Taking a Look: Laquon Treadwell, Ole Miss

Laquon Treadwell is a third year wide receiver for the Ole Miss Rebels. The Rebels will surely “miss” Treadwell when he enters the Draft. He hasn’t officially declared for the 2016 NFL Draft yet, but he is strongly considering entering as an underclassmen. From the players I have scouted so far, at the receiver position, Treadwell is the best. He seems to have it all with no weaknesses. He is a 6’2”, 210 lb, big bodied receiver, who is deceptive with his speed. He can do so much and is a freakish athlete. It is incredible to see Treadwell where he is today after suffering a horrific leg and ankle injury against Auburn in 2014. He has bounced back and hasn’t missed a beat, so let’s take a look at first, his statistics from this season:

  • Played in all twelve games this season, and is slated to play in the Sugar Bowl vs Oklahoma State on New Year’s Day
  • 1,082 receiving yards with 76 total receptions this season
  • 8 receiving touchdowns and even 1 passing touchdown
  • 14.2 yards average per catch

Now let’s take a more in depth look at Treadwell:
Games Scouted:
vs Vanderbilt (2015), vs Florida (2015), vs Auburn (2015), and vs Alabama (2014)
When you watch film on Laquon Treadwell, one of the first things that will jump out to you is the way he can create separation against defenders. It doesn’t matter whether the corner lined up against him is in press coverage or zone, Treadwell will find a way to get open. The first thing that jumps out at me is how he dips his shoulder when he takes off on his route. Many times, I have seen him dip his shoulders on a corner, and gain at least two to three yards of separation. He does an excellent job of selling a pass play when the offense is actually running the ball. He will take off like he is running a post route, the corner bites, and he effectively takes one defender out of the play. He is also excellent at getting open and finding holes in zone coverage for his QB to float the ball into.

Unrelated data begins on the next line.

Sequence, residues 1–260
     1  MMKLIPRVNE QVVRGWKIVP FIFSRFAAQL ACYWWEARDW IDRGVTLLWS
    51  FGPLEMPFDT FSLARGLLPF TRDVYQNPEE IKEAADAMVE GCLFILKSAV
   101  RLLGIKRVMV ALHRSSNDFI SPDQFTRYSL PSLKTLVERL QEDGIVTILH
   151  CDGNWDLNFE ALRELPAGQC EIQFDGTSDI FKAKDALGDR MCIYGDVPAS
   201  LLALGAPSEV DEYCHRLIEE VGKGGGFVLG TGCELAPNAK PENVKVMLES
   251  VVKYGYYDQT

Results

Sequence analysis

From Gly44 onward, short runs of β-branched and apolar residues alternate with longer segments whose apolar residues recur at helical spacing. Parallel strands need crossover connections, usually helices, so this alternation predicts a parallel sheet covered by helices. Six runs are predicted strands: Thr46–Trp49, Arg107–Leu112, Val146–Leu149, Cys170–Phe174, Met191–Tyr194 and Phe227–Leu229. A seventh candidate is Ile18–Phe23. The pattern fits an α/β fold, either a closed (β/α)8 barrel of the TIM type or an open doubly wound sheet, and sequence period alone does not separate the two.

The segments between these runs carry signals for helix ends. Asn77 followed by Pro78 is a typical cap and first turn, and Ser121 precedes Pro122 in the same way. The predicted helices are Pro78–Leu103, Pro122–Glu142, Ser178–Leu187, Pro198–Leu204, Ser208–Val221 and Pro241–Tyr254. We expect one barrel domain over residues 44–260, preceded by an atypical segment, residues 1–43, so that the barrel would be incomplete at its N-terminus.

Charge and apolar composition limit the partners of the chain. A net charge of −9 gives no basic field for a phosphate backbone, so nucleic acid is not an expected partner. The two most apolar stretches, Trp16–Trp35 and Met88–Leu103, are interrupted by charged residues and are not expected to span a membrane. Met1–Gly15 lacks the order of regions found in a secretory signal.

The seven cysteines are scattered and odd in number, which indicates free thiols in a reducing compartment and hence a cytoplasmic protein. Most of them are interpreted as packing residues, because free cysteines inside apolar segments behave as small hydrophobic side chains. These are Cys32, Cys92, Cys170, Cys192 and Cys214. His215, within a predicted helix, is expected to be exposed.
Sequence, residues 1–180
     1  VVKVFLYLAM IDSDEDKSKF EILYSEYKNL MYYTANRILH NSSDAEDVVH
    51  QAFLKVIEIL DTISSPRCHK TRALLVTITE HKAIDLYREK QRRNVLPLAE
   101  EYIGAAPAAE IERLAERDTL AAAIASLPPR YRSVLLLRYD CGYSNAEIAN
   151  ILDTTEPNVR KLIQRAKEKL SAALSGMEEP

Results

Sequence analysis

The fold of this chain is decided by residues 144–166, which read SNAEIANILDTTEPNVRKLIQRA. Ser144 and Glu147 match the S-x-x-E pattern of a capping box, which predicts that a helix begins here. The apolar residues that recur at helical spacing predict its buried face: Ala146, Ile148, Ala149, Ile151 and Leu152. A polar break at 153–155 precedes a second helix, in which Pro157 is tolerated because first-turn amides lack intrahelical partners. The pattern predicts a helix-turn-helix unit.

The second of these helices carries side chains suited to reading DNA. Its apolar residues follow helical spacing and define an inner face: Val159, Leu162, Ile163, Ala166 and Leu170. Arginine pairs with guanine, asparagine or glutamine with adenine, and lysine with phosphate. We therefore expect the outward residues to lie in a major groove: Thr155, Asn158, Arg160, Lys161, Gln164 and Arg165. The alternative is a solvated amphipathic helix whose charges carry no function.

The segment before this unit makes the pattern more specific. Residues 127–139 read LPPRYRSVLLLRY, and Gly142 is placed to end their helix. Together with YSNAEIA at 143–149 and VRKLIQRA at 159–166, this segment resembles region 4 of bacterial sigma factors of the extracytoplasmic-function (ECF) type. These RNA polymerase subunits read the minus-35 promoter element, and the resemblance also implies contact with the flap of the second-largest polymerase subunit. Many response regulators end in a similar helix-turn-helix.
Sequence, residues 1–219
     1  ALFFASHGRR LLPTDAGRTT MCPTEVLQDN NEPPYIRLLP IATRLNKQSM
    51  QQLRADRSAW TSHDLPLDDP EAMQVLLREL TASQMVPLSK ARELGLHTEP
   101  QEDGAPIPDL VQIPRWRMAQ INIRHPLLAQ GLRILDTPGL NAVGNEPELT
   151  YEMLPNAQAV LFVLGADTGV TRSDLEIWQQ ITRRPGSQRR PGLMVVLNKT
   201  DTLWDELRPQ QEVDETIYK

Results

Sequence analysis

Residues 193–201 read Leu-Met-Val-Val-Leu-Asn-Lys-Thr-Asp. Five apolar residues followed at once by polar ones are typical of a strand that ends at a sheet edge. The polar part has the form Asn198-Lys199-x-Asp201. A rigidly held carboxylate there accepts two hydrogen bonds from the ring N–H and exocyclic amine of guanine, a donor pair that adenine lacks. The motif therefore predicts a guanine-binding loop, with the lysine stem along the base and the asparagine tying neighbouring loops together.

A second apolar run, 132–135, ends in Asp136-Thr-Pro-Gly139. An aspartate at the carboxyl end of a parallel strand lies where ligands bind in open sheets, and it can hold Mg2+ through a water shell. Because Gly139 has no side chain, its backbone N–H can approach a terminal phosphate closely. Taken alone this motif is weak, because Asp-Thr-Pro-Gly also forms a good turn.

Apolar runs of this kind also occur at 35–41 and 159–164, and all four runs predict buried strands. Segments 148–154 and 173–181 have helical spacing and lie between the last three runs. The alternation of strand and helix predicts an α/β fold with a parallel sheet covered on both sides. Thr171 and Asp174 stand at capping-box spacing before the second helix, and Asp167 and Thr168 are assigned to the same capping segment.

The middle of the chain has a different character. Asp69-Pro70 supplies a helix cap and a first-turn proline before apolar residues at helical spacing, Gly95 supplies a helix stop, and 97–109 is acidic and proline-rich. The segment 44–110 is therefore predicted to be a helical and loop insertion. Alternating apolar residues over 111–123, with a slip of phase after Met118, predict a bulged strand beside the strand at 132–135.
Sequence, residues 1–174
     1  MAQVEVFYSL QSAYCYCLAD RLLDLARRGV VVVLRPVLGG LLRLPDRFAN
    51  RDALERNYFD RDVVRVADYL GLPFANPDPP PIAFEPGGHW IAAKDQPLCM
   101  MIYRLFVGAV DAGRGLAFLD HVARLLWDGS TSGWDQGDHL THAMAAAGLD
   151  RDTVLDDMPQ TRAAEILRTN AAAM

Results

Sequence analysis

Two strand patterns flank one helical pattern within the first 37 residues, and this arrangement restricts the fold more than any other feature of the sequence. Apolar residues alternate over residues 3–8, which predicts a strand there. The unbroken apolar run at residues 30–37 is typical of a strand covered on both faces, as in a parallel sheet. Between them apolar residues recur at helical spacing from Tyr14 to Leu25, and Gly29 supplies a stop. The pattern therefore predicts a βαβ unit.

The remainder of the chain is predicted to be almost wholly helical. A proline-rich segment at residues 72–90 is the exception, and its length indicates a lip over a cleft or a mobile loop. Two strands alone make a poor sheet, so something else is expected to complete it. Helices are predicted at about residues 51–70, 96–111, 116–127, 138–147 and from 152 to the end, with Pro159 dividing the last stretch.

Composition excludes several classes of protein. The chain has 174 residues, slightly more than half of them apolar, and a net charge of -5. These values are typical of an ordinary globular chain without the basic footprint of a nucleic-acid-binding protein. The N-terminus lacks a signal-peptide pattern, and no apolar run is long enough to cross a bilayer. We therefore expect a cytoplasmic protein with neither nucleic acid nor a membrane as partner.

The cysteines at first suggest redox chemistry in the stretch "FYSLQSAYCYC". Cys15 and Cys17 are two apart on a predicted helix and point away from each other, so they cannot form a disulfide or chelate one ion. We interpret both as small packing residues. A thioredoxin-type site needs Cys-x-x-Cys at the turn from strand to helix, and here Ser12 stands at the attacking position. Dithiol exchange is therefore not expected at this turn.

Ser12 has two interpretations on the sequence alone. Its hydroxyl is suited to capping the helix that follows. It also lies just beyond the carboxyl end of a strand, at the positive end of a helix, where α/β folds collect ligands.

So he can get open, big deal. Can he catch the ball? In the games I watched him play in, I saw him drop the ball twice. Most of the time, Treadwell is a very reliable receiver who catches the ball with his hands. He seems to also have very strong wrists as he will win a contested ball the majority of the time. He does a great job of adjusting to the ball and has made some very acrobatic catches in his college career. The QB play was not the best this season, and so the ball placement wasn’t the best either. Treadwell didn’t miss a beat as he was able to adjust in the air and make the grab.
So, now that he has the ball in his hands, can he do anything with it? Absolutely. Treadwell does an excellent job of running with the ball after the catch. He is a very physical receiver who doesn’t mind lowering his shoulder for a few extra yards. He can be a slippery receiver who can make you miss in the open field. His physicality comes into play in the run blocking game. I have never seen such a physical blocking receiver. He does an excellent job of driving his legs, staying aggressive, and knocking a defender out of the play. Treadwell knocks one defender out of the play and moves on to the next defender in line.
There wasn’t much I didn’t like about Treadwell’s game, but there were two things that were worth noting. When he run blocks, or faces off against corners on his routes, he can get too careless and become too aggressive. Many times, I have seen flags thrown against him for unnecessary roughness or grabbing too much jersey. Second, I worry about whether his route tree is developed enough. For the first two years at Ole Miss, his primary routes were screen plays and post plays. This year, I saw his route tree develop some as he ran slants, hook routes, and a few in and out routes. He is no Amari Cooper when it comes to route running. From what I could tell, he is a an adequate route runner who seems to be a little tight in the hips, but I feel that is something he can work on and fix once he gets to the pros.